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Posted on 2019-12-06 09:55:00

Who would've thought?

When we start out in our careers, we have big dreams of climbing the corporate ladder and accumulating success every step of the way. However, a few years into the job, we find ourselves frustrated and confused– the pathway is littered with challenges that sometimes seem insurmountable, the journey upward seems to be blocked, and we can’t seem to get any mileage no matter how hard we work.

Promotions seem very simple. It is given based on merit and hard work. As long as we fulfil our job descriptions and go a step beyond them, it would stand to reason that we would be duly appreciated and thus, promoted. In some companies, where rank and file still count, superiors would look at seniority, but this is fast becoming a thing of the past. More important are these aspects – attitude, job performance, teamwork and of course, potential.

Do we have the potential to fill much bigger shoes? Do we have what it takes to take your department/company to the next level? Are we the new face of the business? With that in mind, it’s time to sit back and take stock. Get our head out of the race for a minute and look back at our track record. This is the time to evaluate our strategy and rethink it.


First impressions count, as does the second, third and so forth. Remember dressing to the nines for the job interview, and spending our first pay cheque in advance to buy that suit to wear to work on the first day? Because we realised how important it was to appear right for the job.

As we worked, we got comfortable. Sometimes too comfortable, that we probably let the attention to what we wear lapse. The shirt may not be immaculately pressed anymore, and who cares if today, the shoes did not match the suit. It’s ok that our dressing is not as smart or nice as our boss’s – after all, he or she does earn more money than us. Besides, we don’t want to upstage anyone. Right?

Wrong! We must always dress the part, and we mean always. It doesn’t matter if you are feeling a little under the weather or had a drunken night, always turn up for work dressed for success. Clichéd as it may sound, we are our own best advertisement. If it is a promotion you’re after, the least you can do is look the part. Get well-fitted suits and quality shoes. Invest in a good bag. Because according to Murphy’s Law, the day we decide to dress down is probably the day our boss makes a decision on who to promote to be project manager.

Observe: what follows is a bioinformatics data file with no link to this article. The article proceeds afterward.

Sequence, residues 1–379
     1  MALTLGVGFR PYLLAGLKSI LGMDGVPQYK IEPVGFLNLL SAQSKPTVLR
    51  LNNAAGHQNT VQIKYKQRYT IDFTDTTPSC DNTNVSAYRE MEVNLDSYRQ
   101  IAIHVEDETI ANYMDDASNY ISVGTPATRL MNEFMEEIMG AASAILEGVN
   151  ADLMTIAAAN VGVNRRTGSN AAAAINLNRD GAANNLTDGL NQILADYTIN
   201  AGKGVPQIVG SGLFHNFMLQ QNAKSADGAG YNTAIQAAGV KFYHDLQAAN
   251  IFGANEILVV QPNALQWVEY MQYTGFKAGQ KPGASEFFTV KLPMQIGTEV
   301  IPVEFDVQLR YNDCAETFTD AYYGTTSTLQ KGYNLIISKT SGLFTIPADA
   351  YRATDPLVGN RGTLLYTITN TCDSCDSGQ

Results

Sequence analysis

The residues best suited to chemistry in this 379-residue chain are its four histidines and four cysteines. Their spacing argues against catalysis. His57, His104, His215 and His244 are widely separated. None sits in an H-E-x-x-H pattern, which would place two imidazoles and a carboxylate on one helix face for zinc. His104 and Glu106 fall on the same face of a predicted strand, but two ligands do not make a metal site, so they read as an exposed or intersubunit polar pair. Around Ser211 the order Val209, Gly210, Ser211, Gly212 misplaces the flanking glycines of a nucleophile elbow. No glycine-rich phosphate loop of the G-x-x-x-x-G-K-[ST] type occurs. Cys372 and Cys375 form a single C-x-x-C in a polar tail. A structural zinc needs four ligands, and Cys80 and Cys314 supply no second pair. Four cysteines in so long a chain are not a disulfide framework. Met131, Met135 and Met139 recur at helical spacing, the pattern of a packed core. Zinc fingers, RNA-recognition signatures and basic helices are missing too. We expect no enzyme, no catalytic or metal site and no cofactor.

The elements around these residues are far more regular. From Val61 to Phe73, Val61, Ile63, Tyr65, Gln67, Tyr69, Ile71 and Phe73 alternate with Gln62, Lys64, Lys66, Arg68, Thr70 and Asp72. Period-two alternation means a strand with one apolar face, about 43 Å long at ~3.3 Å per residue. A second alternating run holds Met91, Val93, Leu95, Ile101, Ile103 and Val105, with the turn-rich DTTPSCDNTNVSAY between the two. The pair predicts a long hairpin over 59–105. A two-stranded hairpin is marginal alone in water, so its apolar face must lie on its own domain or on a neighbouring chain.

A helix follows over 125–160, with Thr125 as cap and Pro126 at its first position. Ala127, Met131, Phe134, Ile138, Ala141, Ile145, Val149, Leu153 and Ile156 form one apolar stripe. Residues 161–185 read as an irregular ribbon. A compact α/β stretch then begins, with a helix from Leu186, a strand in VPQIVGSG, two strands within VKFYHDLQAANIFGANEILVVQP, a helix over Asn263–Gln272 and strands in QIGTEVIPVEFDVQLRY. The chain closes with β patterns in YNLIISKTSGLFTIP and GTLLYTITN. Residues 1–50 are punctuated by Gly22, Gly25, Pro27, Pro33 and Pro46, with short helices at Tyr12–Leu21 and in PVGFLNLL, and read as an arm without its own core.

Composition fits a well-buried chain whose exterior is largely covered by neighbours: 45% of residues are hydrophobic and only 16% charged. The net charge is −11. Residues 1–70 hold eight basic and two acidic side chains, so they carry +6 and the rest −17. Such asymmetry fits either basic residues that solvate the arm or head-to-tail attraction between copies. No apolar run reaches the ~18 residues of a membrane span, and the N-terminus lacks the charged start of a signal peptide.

Why are appearances so important? Because someone who pays attention to what they wear and care about details, inspire confidence that they will be as particular about the job at hand. Also, we should always dress for the job we aspire to have, not the job we currently have. So if you want to be promoted to project manager, dress like one.


Often, in a new job, there’s a steep learning curve. We find ourselves working extended hours just to learn the ropes. This is fine and it shows initiative and drive. However, if you’ve been doing it for a while, it’s time to scale back a little. By now, you would be proficient in your area, and could get the same things done in less time.

Although they want hard workers, bosses nowadays also look for smart workers. If they see you working late all the time, they might question your productivity, and whether you have acquired the skill level it takes to bump you up to a higher position. Think about it. If you’re always overworked, are you not able to cope with your current workload? If so, how would you be able to handle the additional responsibilities that come with a promotion?

In addition to smart workers, companies are now striving more for work-life balance for their employees. They have come to realise that when their workers enjoy a fulfilling life after work, it makes them better employees in the long run. They are happier at work, and therefore more productive. So don’t be a workhorse anymore. Look at your time management skills, and structure your working time into manageable blocks. Try to finish everything an hour earlier every day. You will be happier for it, and look like someone with excellent organisational skills to your bosses.